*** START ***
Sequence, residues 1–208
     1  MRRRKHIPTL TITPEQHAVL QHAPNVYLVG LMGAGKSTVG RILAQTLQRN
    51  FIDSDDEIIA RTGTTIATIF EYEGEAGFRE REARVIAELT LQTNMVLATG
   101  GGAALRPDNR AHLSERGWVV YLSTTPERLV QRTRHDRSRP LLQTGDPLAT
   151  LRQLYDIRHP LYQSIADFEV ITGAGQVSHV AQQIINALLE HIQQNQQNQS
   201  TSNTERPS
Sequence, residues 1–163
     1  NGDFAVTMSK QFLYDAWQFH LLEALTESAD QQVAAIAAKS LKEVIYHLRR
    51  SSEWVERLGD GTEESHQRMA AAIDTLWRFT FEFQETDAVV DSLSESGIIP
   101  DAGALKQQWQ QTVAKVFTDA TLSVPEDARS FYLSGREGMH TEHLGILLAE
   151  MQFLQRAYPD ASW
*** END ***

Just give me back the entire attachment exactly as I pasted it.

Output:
Sequence, residues 1–208
     1  MRRRKHIPTL TITPEQHAVL QHAPNVYLVG LMGAGKSTVG RILAQTLQRN
    51  FIDSDDEIIA RTGTTIATIF EYEGEAGFRE REARVIAELT LQTNMVLATG
   101  GGAALRPDNR AHLSERGWVV YLSTTPERLV QRTRHDRSRP LLQTGDPLAT
   151  LRQLYDIRHP LYQSIADFEV ITGAGQVSHV AQQIINALLE HIQQNQQNQS
   201  TSNTERPS
Sequence, residues 1–163
     1  NGDFAVTMSK QFLYDAWQFH LLEALTESAD QQVAAIAAKS LKEVIYHLRR
    51  SSEWVERLGD GTEESHQRMA AAIDTLWRFT FEFQETDAVV DSLSESGIIP
   101  DAGALKQQWQ QTVAKVFTDA TLSVPEDARS FYLSGREGMH TEHLGILLAE
   151  MQFLQRAYPD ASW